* Any views expressed in this opinion piece are those of the author and not of Thomson Reuters Foundation.Research shows that framing sexual and reproductive health counselling around sexual pleasure has a positive effect on safe sex practices
Antón Castellanos-Usigli is the director of prevention programs at Wyckoff Heights Medical Center in Brooklyn, New York, and a member of the Global Advisory Board for Sexual Health and Wellbeing
One of the first clients to whom I ever gave an HIV+ diagnosis told me that he had not used a condom with half of his sexual partners. When I asked him why not, he said: “I am ugly, so when a guy wants to have sex with me without a condom I will just let him do whatever he wants.”
His words opened the door for a conversation in which we talked about confidence, consent, safety and communication, all touching on issues of sexual health, rights and pleasure. These types of conversations, however, are uncommon between clients and healthcare providers, who usually emphasise risks associated with sex, such as HIV, STIs and unwanted pregnancy, during sexual history-taking and counselling
Some healthcare providers assume that clients have sex without condoms because they are unaware of the risks. However, poor communication skills and confidence can lead even risk-aware clients to engage in condomless sex. The desire for sexual pleasure is also a major factor when some people decide not to use condoms.
Research has shown that framing sexual and reproductive health (SRH) counselling around sexual pleasure has a positive effect on safe sex practices.
It is time to shift from risk-focused healthcare to a comprehensive version that examines the complexities of sexual health and wellbeing. Capacity-building is the solution for healthcare providers to deliver better SRH counselling, recommendations and care.
For instance, the Global Advisory Board for Sexual Health and Wellbeing (GAB) has developed an innovative toolkit entitled “Sexual pleasure: The forgotten link in sexual and reproductive health and rights” to strengthen the skills of future health care professionals to provide quality SRH services. The toolkit is based on the GAB’s triangle approach linking sexual pleasure, sexual health, and sexual rights.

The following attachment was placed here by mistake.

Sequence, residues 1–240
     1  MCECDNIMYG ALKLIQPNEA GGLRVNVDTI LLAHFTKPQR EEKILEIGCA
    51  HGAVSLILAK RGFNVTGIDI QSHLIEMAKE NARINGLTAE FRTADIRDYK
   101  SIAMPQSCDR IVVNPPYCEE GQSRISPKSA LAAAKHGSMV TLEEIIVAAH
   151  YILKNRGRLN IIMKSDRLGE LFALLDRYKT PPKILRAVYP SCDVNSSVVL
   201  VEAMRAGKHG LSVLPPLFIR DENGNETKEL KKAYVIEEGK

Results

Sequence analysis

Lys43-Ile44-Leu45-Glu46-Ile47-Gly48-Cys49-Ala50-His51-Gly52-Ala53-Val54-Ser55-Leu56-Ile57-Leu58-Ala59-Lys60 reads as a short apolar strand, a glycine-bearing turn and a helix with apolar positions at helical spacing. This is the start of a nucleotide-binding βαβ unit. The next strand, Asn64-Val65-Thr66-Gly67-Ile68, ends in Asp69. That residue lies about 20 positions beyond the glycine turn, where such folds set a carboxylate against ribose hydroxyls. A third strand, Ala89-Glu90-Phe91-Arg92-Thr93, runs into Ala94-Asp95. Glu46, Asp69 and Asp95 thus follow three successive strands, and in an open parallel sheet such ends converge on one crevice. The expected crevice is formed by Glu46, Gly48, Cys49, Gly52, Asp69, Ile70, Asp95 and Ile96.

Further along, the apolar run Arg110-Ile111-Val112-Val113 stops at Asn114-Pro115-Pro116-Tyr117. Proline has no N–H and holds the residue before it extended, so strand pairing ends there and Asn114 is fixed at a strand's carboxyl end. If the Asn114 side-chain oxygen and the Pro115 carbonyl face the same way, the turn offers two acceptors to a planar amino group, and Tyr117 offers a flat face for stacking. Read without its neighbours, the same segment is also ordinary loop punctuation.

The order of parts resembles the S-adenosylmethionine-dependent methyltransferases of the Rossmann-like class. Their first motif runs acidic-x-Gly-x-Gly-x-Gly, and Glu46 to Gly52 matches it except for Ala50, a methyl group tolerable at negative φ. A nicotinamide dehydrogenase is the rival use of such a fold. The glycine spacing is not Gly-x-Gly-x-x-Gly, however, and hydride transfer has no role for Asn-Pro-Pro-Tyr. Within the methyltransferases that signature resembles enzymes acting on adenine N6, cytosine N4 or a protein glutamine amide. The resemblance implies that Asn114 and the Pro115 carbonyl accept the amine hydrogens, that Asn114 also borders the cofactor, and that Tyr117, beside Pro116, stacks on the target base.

We also face the global challenge of reforming damaging policies and laws based on sexual taboos that impact people’s health in a variety of ways. For example, laws that criminalise homosexual acts, prevent LGBT+ people from accessing life-saving health services and commodities (such as condoms, lubricants and vaccines) and create an environment of stigma, violence, and persecution.
If for many people it is already difficult to go to a convenience store to buy a condom or lubricant or to enter a sexual health clinic for HIV/STI testing because of the social stigma associated with sexuality, imagine having to do this in a place where you can get imprisoned because you are gay or trans.
Laws that criminalise the possession of condoms deter sex workers from using them as protection against HIV and STIs. And policies forcing intersex people to undergo corrective genital surgeries violate their right to bodily integrity and may cause long-lasting negative effects in terms of their sexual wellbeing.
The fulfilment of sexual rights allows people to achieve and maintain a healthy, pleasurable sex life, and linking sexual health, pleasure and rights together provides a framework through which we can bring sexual justice and health for all.
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